TB is a sickness which is quite often associated with the poor and underprivileged. Most people affected by this sickness are living in the suburbs and settlements, where the conditions are rife for the sickness to spread quickly.
In places where TB is likely to spread quickly, most people do not take their personal health as a priority, rather a person would be more concerned about surviving from day to day and not so much about a healthy lifestyle.
People in these areas will do anything to make ends meet, even to the extent of indulging in activities which are illegal and dangerous.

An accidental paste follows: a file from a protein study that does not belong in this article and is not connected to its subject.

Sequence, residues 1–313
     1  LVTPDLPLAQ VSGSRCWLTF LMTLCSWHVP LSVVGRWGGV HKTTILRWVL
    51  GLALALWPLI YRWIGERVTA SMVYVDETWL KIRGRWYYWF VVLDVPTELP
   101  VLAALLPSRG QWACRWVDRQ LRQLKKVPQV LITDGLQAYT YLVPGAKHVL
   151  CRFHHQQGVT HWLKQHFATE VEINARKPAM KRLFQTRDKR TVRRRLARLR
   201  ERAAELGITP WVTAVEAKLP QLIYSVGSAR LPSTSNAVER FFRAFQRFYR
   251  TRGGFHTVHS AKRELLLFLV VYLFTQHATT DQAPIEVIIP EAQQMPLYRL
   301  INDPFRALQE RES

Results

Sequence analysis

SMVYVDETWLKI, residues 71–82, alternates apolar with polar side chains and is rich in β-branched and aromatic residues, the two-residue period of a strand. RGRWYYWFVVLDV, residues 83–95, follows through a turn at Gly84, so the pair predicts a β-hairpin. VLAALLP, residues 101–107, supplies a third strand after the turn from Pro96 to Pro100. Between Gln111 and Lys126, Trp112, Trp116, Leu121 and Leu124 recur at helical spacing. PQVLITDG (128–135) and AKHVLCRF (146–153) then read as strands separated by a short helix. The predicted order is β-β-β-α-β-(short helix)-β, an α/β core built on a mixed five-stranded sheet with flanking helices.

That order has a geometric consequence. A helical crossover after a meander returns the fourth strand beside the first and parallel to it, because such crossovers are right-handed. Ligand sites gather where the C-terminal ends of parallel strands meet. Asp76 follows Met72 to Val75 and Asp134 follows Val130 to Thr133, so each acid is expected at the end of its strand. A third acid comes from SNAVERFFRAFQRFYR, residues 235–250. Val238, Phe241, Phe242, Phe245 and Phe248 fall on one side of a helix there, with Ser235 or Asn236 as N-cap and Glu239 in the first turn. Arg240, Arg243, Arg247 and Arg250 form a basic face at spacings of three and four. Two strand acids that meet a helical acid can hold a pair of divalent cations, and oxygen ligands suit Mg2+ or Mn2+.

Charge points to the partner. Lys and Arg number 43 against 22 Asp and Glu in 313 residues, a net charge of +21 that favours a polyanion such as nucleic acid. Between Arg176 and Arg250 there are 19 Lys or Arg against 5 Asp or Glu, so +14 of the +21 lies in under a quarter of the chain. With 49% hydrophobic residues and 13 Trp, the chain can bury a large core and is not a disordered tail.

Health is the least of their concern.
TB is everywhere.
You won’t know who has TB in your street or neighbourhood unless you are actively involved in the fight against it.
I found this out when I became involved with the TB DOTS programme.
From my experience as a volunteer treatment supporter, I believe these volunteers are a vital part of the fight against TB.
Personal contact with the patient on a daily basis to encourage and monitor their progress goes a long way towards achieving full recovery.
An occasional visit to the home of the patient also encourages the family members to support and not to stigmatise or abuse the patient.
I see this as a positive step towards the fight against TB.
I am prepared to assist in any way.